Canadians face similar retirement savings challenges as Americans

Canadians, like Americans, struggle with retirement savings despite differing social security systems

Canadians face similar retirement savings challenges as Americans

As one approaches retirement or has already entered this milestone, it is natural to wonder how their savings compare to other parts of the world.  

A Forbes survey shows that over half of Americans are dissatisfied with their retirement savings. This raises the question of whether the US is unique in this dissatisfaction or if countries like Canada face similar challenges, as reported by Nasdaq.   

Canada, often compared to the US due to its similar economy and cost of living, provides an interesting point of comparison. However, differences in retirement savings and social security systems exist between the two countries.   

The Canada Pension Plan (CPP) and the US Social Security system both provide retirement, disability, and survivor benefits, but the payments and benefits differ. The US pays higher maximum benefits and averages more, but Canada offers lower taxes on social security and additional benefits.  

Canada’s smaller population and pension plans offered by individual businesses also provide an advantage, unlike in the US, where such plans are rare. Canada’s tax rate on social security is 4.95 percent, compared to 6.2 percent in the US.   

To understand how satisfied Canadians are with their retirement savings, GOBankingRates used sources from the Federal Reserve’s Survey of Consumer Finances, Spring Financial, The Motley Fool Canada, Investopedia, Social Security Administration, and ChatGPT.   

Average Retirement Savings in Canada   

According to Ratehub, Canadians over 65 have around $129,000 in their Registered Retirement Savings Plan (RRSP). Including Tax-Free Savings Accounts (TFSAs), the figure rises to $160,000. On average, a Canadian retiree has $319,000 in total retirement savings.  

This amount varies based on individual circumstances and financial planning.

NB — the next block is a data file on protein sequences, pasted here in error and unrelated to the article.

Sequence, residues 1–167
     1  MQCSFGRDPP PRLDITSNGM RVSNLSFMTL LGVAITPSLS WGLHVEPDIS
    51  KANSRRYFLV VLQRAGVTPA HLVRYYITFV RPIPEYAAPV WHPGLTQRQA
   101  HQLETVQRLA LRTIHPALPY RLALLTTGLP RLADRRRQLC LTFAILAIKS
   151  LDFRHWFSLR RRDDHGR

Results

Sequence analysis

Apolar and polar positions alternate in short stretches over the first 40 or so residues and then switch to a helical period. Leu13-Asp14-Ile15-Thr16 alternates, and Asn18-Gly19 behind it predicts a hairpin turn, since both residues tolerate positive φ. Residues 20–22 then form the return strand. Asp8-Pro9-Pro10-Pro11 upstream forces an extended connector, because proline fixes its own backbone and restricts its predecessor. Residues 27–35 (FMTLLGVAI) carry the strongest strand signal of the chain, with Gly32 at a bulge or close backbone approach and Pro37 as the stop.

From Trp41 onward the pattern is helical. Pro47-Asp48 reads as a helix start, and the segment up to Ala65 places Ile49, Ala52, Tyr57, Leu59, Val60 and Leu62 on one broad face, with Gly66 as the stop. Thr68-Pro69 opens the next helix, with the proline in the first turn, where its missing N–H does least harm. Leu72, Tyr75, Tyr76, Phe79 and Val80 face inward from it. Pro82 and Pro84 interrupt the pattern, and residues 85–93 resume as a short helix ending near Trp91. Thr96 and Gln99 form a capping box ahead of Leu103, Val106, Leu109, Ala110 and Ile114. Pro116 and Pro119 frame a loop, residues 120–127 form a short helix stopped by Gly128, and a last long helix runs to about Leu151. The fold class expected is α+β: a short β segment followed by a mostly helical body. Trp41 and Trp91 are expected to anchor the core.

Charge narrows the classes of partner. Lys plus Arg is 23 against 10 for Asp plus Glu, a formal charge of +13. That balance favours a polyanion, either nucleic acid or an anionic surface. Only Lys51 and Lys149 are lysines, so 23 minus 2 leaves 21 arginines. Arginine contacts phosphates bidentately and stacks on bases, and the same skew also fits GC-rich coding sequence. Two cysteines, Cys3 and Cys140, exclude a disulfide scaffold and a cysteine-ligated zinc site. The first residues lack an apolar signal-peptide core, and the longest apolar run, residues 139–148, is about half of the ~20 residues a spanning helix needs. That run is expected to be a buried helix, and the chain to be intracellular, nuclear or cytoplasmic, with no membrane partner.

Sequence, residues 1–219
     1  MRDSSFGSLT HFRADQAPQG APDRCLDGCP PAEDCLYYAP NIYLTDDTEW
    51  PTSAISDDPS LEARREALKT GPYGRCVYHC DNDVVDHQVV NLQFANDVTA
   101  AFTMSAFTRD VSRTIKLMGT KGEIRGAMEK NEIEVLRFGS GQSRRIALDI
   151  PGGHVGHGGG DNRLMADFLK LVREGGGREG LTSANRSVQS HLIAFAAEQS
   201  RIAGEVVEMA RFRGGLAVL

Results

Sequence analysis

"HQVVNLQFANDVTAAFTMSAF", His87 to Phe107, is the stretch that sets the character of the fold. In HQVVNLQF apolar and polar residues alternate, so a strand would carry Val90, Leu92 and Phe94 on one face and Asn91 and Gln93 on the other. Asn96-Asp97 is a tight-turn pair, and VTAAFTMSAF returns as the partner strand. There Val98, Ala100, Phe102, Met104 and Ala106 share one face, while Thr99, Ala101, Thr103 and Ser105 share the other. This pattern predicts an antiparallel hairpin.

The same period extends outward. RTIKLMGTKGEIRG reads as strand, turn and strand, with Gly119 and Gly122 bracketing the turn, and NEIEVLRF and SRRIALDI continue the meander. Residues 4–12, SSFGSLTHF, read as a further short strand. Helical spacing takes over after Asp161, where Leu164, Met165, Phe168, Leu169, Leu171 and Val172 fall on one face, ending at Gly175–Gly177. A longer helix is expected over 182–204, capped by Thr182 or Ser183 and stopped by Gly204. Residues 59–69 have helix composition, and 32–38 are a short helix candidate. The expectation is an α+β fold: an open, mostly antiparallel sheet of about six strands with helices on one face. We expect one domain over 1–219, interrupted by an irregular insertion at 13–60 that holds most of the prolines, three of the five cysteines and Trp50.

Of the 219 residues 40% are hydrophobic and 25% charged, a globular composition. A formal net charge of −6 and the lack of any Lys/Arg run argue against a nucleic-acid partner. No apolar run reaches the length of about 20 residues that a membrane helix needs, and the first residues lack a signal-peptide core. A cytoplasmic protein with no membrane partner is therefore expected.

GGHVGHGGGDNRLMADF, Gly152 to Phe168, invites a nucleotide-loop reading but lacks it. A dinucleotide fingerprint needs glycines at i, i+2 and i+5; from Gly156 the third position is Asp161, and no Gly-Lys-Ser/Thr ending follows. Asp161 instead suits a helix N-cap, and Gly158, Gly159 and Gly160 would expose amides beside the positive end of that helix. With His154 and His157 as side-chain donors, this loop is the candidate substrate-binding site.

Average and Median Retirement Savings by Age   

Data from the Federal Reserve’s Survey of Consumer Finances and other sources, including ChatGPT, provide the following breakdown:   

  • Under 35: Average Savings: $49,130; Median Savings: $18,880 

  • Ages 35-44: Average Savings: $141,520; Median Savings: $45,000 

  • Ages 45-54: Average Savings: $313,220; Median Savings: $115,000 

  • Ages 55-64: Average Savings: $537,560; Median Savings: $185,000 

  • Ages 65-74: Average Savings: $609,230; Median Savings: $200,000 

  • Ages 75 and Older: Average Savings: $462,410; Median Savings: $130,000 

Importance of Saving for Retirement   

Retirement savings ensure financial security. Government benefits like CPP and Old Age Security (OAS) provide some income but are often insufficient. In 2022, the average CPP monthly amount was $702.77, with a maximum of $1,253.59.  

The maximum OAS monthly amount was $642.25, providing an annual income of about $22,750, which is typically insufficient for most retirees.   

Strategies to Boost Retirement Savings   

  • Start Early: Begin saving early to benefit from compound interest. 

  • Maximize Contributions: Use RRSP and TFSA contribution limits to reduce taxable income and grow savings tax-free. 

  • Employer Contributions: Maximize employer pension plans or matching contributions. 

  • Diversify Investments: Spread investments across various asset classes to manage risk and improve returns. 

  • Automate Savings: Set up automatic transfers to retirement accounts for consistent contributions. 

  • Seek Professional Advice: Consult a financial advisor for a personalized retirement plan.   

Many Canadians find their savings inadequate. An April AARP survey found 31 percent of adults saving for retirement are unsure if they will have enough, and 33 percent believe they will not have enough.